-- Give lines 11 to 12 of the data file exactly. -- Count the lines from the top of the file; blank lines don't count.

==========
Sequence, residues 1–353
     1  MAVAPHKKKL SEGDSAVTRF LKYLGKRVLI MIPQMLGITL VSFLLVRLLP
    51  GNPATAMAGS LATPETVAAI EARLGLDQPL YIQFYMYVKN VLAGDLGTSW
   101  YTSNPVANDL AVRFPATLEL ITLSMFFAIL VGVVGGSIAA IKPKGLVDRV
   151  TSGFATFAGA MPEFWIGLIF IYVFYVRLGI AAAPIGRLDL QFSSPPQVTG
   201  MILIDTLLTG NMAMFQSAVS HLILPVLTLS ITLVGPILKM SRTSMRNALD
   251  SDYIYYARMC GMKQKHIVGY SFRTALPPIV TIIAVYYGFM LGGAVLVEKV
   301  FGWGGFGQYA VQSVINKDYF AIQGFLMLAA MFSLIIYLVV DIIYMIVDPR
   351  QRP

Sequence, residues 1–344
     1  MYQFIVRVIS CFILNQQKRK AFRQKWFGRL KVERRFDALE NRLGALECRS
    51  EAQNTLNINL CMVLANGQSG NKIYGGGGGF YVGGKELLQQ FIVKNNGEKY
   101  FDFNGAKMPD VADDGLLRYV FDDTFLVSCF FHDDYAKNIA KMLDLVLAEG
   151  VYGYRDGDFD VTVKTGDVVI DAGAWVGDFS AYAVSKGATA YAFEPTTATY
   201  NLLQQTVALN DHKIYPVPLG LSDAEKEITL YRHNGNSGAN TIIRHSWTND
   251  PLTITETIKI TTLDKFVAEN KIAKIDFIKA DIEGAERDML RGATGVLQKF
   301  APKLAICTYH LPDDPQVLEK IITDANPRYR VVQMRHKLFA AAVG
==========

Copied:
     1  MYQFIVRVIS CFILNQQKRK AFRQKWFGRL KVERRFDALE NRLGALECRS
    51  EAQNTLNINL CMVLANGQSG NKIYGGGGGF YVGGKELLQQ FIVKNNGEKY